The City of God

by Aurelius Augustinus

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Last Updated September 5, 2023.

The characters of the The City of God by Aurelius Augustinus are the people of classical Rome and their ancestral divinities. The author contrasts these unfavorably with a heavenly city of God as conceived by the Christians, and he praises the Christians' morals, beliefs, and divinity.

Rome has just been sacked and pillaged, and many of the Roman people blamed Christians, and their prohibition of offerings to Rome's ancestral deities, for the calamity. Augustus, with the zeal of a convert, ably defends his people and tries to lay the blame for the disaster squarely on the Romans for their moral dissipation. Were not their gods and goddesses licentious? Augustus condemns the Olympian deities for not providing better moral guidance to their worshippers, like the Christian God does. And why blame the Christians? Did not Troy fall too, although they worshipped the same gods?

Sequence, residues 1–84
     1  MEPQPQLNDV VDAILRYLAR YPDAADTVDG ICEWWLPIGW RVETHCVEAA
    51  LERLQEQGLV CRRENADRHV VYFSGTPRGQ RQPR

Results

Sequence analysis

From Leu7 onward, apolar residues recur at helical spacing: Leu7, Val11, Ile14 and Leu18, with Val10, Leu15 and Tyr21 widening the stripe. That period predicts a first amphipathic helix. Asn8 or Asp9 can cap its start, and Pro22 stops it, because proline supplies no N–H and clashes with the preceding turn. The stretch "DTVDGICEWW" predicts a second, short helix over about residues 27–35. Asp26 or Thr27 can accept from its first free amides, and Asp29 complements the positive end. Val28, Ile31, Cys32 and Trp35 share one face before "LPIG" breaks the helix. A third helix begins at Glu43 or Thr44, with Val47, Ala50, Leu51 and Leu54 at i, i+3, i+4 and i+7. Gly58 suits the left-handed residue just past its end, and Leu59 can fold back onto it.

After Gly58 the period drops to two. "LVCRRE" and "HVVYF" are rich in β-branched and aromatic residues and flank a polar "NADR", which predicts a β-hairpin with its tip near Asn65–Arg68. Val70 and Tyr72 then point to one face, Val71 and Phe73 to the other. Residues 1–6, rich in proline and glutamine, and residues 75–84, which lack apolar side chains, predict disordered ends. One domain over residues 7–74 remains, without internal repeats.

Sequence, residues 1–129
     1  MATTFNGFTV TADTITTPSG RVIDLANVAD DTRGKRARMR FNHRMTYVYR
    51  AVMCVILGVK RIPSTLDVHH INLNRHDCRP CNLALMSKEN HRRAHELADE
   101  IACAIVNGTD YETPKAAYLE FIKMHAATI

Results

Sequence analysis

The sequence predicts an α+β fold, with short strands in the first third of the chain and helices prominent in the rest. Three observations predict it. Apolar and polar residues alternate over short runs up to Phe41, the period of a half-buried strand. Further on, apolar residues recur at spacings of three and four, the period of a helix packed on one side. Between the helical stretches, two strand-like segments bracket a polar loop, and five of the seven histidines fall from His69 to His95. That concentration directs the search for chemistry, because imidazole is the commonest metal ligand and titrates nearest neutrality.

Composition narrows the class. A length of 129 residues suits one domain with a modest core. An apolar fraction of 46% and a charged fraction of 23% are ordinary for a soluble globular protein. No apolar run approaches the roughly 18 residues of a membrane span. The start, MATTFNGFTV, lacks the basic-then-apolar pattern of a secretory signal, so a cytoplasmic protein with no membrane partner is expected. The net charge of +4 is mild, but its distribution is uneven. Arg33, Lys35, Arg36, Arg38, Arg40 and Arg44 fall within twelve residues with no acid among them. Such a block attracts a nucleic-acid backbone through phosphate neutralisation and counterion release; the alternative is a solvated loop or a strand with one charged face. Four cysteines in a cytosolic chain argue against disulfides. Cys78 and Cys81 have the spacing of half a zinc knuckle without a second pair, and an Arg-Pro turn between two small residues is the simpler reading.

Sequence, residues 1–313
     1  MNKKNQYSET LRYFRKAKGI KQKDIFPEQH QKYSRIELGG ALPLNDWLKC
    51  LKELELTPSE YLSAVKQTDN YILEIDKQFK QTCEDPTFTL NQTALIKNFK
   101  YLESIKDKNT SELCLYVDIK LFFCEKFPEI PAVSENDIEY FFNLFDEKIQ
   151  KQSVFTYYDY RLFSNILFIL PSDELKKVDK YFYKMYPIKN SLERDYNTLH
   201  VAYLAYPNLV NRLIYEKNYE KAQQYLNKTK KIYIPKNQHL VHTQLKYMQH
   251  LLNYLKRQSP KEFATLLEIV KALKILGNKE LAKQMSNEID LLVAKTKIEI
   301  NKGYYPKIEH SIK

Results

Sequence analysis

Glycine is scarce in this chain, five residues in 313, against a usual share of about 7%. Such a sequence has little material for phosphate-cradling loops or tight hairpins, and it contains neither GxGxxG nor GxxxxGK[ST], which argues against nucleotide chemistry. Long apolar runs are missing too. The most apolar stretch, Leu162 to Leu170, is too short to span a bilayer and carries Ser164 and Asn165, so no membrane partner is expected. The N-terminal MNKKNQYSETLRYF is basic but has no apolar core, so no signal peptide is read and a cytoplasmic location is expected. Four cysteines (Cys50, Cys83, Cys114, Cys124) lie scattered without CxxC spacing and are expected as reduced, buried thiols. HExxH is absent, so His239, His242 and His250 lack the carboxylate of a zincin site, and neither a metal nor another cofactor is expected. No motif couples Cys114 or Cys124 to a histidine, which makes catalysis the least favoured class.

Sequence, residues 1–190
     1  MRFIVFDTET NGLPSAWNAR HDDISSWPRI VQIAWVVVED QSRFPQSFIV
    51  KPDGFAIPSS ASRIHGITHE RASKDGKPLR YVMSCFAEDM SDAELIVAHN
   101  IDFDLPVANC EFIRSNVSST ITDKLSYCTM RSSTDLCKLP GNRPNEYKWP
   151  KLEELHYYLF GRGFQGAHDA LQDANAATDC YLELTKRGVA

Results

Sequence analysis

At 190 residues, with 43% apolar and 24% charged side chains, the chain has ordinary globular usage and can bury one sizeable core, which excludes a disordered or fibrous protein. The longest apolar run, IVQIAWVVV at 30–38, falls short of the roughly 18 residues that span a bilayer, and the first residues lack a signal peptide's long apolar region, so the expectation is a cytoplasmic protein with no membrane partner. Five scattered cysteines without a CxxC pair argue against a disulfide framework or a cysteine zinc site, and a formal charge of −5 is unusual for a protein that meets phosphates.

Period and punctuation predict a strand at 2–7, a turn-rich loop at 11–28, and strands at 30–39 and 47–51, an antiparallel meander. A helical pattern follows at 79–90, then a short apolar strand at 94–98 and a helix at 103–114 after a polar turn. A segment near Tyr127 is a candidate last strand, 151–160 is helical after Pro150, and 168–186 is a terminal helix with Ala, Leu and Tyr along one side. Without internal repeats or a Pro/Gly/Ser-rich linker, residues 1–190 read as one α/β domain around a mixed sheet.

He condemns Roman pride and love of power while lauding Christian humility. He mocks the goddess Minerva for not protecting her own statue, while he praises the barbarians for sparing some Christian churches and the refugees seeking safety there. He praises the ideal of early Roman virtue but casts doubt on its actual historical existence. He addresses his Christian audience philosophically, asking why they suffered rape, robbery, torture, and death like everyone else. His solid grasp of classical history and philosophy, as well as his thorough grounding in Christian teaching, makes him a persuasive apologist for Christianity, at least from the Christian point of view. His partiality and seeming lack of real empathy and compassion for the Romans who had not embraced the new religion tend to somewhat undermine his case. He must have poured salt in their wounds by calling their traditional divinities demons. This can only have deepened the divide within the already prostrate Western empire. That being said, he does a creditable job of defending his religion against its critics through his harsh polemics against the corruption of Roman society, which he lays in part at the feet of its traditional religion.

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